A writer’s job is to look for a story in ordinary, every day events. So, I like to play a game with myself when I’m driving. Whether I’m driving the 20 minute piece of road to my day job, walking around the grocery story throwing together meal plans for the week, or toodling down the highway for 13 hours to see my children, I look for anything that might spark my imagination. 

Sometimes it takes some time to get a piece of a story. Like, there’s an empty field I drive by every day. But one day a tractor shows up and begins pounding a mound of dirt. A month later planks of wood seem to have grown from the flattened dirt mound. Walls begin to go up, and a roof grows seemingly over night. Pretty soon I find myself marveling because I can’t remember what it was like as an empty field. And I know I can make a story out the experience.

But there are also subtle things that I can’t tell if anyone else has noticed or not. Such as, I also pass an old empty, closed up store front building on a corner crossroads every weekday morning. It suddenly dawns on me as I pass by one morning that there’s always a white pick-up truck in the empty old parking lot, just sitting there, facing the street. Inside the truck is a person wearing a big white cowboy hat. That’s all I can tell about this person. I think this is a man, but have never seen his face. He’s not there when I pass it in the afternoon on my way home. And he’s not there when I pass the corner on the weekend going out to run my errands. He doesn’t wave, he doesn’t get out of the car, and no other cars or people are around him. I have no idea who he is or why he’s there. And that, my friends, is a burning log of story ready to pop.

So here’s my challenge to you, dear blog readers. The next time you’re going to be driving, turn on the video camera in your phone and record 15 minutes of driving down the road. You might be surprised at the everyday weirdness you never even knew you were seeing.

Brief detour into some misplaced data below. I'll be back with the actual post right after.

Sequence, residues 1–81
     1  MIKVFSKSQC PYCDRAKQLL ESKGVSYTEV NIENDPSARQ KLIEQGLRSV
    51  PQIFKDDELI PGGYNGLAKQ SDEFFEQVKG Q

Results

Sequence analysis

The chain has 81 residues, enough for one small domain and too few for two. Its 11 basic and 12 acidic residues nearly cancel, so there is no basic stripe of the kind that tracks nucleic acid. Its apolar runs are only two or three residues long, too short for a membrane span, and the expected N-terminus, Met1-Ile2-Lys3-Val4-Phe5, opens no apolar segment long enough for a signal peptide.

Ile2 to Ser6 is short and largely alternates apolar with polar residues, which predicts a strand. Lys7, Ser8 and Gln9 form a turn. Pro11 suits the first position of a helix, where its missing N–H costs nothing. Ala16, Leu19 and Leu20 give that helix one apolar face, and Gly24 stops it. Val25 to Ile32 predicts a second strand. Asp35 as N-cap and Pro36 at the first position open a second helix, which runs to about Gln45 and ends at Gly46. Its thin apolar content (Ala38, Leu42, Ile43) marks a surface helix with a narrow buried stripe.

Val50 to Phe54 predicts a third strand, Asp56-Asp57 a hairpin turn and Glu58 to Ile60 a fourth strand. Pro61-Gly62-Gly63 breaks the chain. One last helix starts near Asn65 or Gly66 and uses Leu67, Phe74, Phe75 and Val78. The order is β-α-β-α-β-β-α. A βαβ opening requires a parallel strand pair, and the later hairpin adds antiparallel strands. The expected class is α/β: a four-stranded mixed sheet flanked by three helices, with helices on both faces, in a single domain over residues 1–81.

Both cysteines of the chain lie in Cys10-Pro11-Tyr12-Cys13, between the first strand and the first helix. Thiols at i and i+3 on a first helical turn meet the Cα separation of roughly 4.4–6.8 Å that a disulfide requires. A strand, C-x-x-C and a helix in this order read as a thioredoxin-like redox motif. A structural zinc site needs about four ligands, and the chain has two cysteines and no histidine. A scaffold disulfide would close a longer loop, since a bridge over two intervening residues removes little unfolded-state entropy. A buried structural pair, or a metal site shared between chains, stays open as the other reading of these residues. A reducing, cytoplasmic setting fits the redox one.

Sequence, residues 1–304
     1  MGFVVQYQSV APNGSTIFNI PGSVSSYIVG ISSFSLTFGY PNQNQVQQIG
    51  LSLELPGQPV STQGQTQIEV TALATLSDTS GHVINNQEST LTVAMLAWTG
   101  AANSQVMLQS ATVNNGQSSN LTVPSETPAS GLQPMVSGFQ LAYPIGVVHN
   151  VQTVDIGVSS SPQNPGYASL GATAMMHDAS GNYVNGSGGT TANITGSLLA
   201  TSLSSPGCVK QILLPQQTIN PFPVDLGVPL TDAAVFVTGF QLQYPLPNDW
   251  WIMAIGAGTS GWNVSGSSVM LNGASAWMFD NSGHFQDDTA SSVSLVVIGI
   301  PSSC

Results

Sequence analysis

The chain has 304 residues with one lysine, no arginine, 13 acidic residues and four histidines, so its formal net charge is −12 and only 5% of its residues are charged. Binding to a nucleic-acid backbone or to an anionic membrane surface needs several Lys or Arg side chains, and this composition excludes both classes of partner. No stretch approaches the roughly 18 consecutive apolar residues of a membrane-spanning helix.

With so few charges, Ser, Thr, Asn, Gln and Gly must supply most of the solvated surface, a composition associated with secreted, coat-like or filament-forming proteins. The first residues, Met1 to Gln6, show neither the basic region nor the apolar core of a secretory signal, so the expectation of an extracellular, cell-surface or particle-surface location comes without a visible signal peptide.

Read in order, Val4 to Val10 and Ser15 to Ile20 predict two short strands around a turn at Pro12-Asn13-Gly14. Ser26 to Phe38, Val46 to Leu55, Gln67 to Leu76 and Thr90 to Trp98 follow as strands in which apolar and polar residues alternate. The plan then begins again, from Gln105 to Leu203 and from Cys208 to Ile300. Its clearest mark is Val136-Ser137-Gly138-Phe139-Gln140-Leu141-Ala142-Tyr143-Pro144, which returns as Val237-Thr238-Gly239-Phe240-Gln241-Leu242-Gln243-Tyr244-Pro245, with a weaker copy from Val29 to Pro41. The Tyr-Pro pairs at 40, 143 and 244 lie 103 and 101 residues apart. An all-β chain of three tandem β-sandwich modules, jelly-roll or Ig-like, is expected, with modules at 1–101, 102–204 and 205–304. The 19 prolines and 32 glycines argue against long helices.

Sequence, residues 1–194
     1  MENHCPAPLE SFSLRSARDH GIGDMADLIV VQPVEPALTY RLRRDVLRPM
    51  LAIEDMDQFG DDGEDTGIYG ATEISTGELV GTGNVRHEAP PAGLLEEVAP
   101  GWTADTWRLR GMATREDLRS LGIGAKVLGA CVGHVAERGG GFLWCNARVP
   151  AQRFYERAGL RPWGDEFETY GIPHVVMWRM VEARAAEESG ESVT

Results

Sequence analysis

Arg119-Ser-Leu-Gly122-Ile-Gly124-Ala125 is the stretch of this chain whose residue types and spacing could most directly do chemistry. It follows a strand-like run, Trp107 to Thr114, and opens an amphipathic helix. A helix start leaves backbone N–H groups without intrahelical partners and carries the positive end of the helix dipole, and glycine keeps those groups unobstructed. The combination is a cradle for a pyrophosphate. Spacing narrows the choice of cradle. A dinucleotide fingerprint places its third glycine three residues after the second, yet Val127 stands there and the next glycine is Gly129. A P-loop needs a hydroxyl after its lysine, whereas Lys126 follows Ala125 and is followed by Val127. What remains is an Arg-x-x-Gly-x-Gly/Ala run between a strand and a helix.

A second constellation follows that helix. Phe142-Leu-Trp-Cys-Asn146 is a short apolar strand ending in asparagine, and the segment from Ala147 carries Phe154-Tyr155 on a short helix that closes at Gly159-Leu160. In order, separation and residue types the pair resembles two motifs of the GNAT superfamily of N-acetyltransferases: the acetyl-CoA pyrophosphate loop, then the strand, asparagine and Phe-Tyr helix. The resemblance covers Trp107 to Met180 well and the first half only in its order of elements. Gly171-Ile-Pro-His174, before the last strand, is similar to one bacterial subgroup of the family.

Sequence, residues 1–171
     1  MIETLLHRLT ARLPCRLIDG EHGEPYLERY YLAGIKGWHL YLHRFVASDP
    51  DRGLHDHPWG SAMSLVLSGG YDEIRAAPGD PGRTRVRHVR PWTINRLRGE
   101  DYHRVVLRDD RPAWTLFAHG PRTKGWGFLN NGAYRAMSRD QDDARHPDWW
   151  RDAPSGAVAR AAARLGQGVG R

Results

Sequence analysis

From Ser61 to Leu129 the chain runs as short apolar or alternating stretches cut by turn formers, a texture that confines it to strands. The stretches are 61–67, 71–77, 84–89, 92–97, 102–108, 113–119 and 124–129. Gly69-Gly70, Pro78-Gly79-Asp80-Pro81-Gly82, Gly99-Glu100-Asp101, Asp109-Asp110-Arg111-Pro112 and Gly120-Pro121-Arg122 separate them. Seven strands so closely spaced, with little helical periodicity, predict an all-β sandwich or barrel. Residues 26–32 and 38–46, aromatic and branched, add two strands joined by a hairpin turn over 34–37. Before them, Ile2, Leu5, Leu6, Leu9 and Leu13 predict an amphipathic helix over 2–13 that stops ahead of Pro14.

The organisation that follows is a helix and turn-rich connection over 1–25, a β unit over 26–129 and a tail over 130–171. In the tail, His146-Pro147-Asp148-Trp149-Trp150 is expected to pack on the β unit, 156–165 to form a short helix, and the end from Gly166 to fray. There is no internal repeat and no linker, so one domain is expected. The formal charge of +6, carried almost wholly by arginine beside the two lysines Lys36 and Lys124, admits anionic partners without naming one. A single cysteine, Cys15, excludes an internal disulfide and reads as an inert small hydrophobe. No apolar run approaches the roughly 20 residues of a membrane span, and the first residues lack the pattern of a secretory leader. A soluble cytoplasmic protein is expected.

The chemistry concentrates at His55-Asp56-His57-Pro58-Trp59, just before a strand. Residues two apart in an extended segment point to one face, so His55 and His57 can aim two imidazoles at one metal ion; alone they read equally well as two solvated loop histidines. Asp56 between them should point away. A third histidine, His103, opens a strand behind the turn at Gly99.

Congratulations. You have just received a post card from the muse.

Characters have Secrets


Characters have Secrets

Natalie Bright

 

Grey’s Anatomy has me captivated again. Since first premiering on ABC in 2005, I’ve got thirteen yeas of writing experience and I’m watching the show in a whole new frame of mind. A writer’s mind. And thanks to Netflix or Hulu, I don’t have to be patient for another season to begin. Binge watching is extremely inspiring for a creative soul.

The characterization in this medical drama television series is brilliant and addictive. This show is the perfect example of developing depth in fictional characters. One of the ways you can make your characters leap off the page is to give them secrets. Real people have secrets. We have things buried deep within us that we’ll never tell. What we say out loud is not always reflective of what we may be hiding inside.

You’ve probably heard the story craft tool of throwing everything at your character. Conflict keeps the plot moving and holds the readers’ interest. As authors, we are all border line sadistic when it comes to the things we put our characters through.

Let’s look at the characters and their secrets in the show Grey’s Anatomy:

Meredith Grey: central protagonist, is hiding her mother’s illness, who was a brilliant surgeon herself, and is sleeping with her boss while trying to succeed under her mother’s shadow.

Izzie: feels unworthy of her smarts and success because she grew up very poor in a trailer park.

Christina: sleeping with her boss and she has an almost unhealthy obsession with cutting people open.

Dr. Burke: begins a romantic relationship with an intern.

George: is secretly in love with Meredith and is extremely smart,  and not the goof-ball that the world sometimes sees.

Alex: cares deeply about his career and relates to patients on a deeper level, as opposed to the A-hole, shallow attitude he sometimes displays.